No matter who you talk to, each writer is going to grow her story differently. Even if you found two people who were 100% plotters, they’re still going to go about it in different ways. That’s one of the beauties of writing – there are very few “wrongs” out there (although, I’m sure we’ve all felt like we’ve hit one or two along the way!).

I’ve talked a lot about my process over the couple years I’ve been blogging here and at the Purple Hearts, but that’s not really what I want to talk about today. I want to talk about the story itself.

One of the huge turning points for me my first year of writing was getting to study under the absolutely amazing Jenny Crusie at one of the Low Country Master Classes with four other women. It was intense, eye-opening and boundary pushing.

And Jenny managed to not push me off the balcony when tool after tool didn’t work for me. I realized I needed to stop trying to use tools ahead of time to create my story. Tools were for cleaning up my writing.

For me, the story is something that’s in me already. It’s living there like a long forgotten memory, buried under all the daily to-do’s and more urgent or frequently discussed memories. It’s like the thing you have in the back of your mind and haven’t thought of in years, and then one day…


Something triggers that memory.

We’ve all had this happen. Someone says something a particular way or we catch a whiff of a scent that brings us back. Maybe it’s an old song that never gets played or even a piece of clothing that reminds us of a place and time. But there it is, that long forgotten memory drifting to the front of your brain.

Once it’s there, it starts to dig in, popping up in the strangest places throughout the day.

Picture my life as a dinner party (I know, aren’t I fabulous) where somehow this memory from wayyyyy back gets mentioned.

One tiny part opens up to another tiny part and the more we talk about it (think about it) the more the memory becomes fleshed out… Things that would be tiny details in writing are just bits and pieces. Right now, my characters are reminding me of that night they went skinny-dipping and the clay-mud bottom of the pond oozed between her toes holding her in place as much as her fear or embarrassment would have.

Then I mull that, as I remember that night, it grows and builds till I’m dreaming about it like I do my own memories. One small thing leads into another, Oh yeah! I remember that. Once it takes hold, there are dreams that push the story along as I rush to keep up each day writing it out. It never feel like thinking… I know this sounds odd. It feels like remembering. It’s real and vivid and feels like it couldn’t have happened any other way.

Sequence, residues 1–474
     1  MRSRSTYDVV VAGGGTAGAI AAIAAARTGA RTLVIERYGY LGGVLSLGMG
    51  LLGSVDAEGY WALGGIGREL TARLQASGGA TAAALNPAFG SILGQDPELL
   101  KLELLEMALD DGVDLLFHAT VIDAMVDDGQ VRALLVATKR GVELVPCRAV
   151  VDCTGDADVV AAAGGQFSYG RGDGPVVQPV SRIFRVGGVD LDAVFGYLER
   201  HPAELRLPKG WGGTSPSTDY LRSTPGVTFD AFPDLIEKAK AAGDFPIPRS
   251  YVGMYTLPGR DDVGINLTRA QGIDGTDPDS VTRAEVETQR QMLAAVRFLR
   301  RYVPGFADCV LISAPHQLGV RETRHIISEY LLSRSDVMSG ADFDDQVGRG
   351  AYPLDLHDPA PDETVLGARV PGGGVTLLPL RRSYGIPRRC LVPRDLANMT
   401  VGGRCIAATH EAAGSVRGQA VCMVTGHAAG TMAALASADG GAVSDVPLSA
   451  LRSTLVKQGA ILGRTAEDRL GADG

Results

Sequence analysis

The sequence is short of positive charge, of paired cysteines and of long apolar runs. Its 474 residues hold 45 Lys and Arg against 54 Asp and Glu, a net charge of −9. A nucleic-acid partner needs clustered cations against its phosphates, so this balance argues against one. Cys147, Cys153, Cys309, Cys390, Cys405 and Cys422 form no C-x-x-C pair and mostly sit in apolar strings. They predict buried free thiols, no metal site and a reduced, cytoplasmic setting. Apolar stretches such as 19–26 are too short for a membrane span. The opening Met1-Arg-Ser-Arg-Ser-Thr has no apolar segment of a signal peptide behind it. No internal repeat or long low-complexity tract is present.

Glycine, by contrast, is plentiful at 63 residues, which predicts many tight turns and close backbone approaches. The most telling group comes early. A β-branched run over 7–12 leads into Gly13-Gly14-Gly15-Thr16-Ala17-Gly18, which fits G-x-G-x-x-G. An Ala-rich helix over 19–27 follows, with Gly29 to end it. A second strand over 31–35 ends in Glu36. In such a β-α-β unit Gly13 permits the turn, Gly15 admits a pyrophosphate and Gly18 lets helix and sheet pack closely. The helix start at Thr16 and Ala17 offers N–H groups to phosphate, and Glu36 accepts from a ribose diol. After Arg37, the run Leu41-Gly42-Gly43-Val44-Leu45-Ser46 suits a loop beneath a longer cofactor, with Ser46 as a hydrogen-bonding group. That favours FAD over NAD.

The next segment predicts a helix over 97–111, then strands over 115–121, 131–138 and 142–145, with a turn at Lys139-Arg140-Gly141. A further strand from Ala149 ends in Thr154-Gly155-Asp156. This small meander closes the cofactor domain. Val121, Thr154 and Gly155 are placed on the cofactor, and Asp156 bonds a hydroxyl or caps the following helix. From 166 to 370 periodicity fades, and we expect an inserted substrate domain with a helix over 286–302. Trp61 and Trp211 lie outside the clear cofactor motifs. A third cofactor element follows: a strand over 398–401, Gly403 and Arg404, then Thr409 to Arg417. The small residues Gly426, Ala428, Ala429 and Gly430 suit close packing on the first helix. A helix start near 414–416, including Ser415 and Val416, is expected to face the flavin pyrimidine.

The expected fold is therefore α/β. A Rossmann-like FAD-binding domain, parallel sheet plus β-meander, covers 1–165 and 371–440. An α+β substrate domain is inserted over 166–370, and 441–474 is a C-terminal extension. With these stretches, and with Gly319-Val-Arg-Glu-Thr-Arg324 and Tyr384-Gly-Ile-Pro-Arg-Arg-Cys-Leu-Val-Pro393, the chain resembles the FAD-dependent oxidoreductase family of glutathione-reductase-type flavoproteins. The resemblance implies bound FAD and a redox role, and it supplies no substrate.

When I get to the end, very occasionally I have another Oh, yeah! moment  – Just like I would after leaving the dinner party.

And then, it’s all there – the big picture, the quirky little things that would have only been remembered by my character, the bits and pieces of maturity that distance can bring —– It may look like a mess because it’s written in a crazed race of 9-12 days, but it’s all there. The guts.


The rest, as I keep telling myself (and anyone else who will listen) is in the edits.

When Blogging is…

17 Oct

If you follow me on twitter (@briaquinlan) you know I hang with two lovely lasses: Abby Mumford and Jessica Corra. Both rock. Seriously. Go follow them. I’ll wait.

Ok, welcome back.

Now, if you spent any time at all checking them out (aren’t they hot?) you know they both have blogs. Not only do they both have blogs, but they both have really good blogs. Reading their blogs made me wish for something.

It just took me a little while to figure out what that wish was.

Then I realized. Sadly, it wasn’t pretty.

Abby’s blog is about those first steps — those wonderful moments as  you realize things about writing and crafting and editing and reading and all the wonderful first discoveries.

Jessica’s blog has a lot to do with what’s it like as you grow into a published writer. Her first book comes out in about a year, and there’s a lot of new discoveries happening for her.

Me? I’m in the middle. The shine, as they say, is off the apple.

Don’t get me wrong, I love love love writing. I’m currently in school getting a Copyediting Cert to freshen up my undergrad Creative Writing minor but at the same time, I’m missing writing horrible. The only thing keeping me going is knowing that three months is a small amount of time to only get to squeeze writing in between work, commuting, homework and school. In a few months it will be all about the writing again.

But, at the same time, I’ve done all the blogs about first discovery. I’ve moved into the new realm of  now-I-have-an-agent-and-stuff-out-in-the-world.

There is, of course, a joy in this. But I do wonder how many of us find our blogs (and maybe ourselves) a little adrift in this new spectrum of the world.

People warn you about so many things getting out there and getting started. They warn you about all the stuff to be aware of when a deal is on the table and prepping for release.

Who talks about that in-between time.

I hesitate to call it a “waiting period” because, to be honest, I know my wait to get to this point even was not much. I know getting an agent in 1.5 years and having 2 books done, 1 a Golden Heart finalist, 1 getting polished and 1 more waiting for it’s turn to be attacked is a lot of writing at this point.

And, you know that I’ll tell everyone one thing over and over again. There is no waiting in writing.

There is always another project to be worked. So, where does that leave the blog?

I don’t know. I guess we’ll find out together… Look, a new discovery!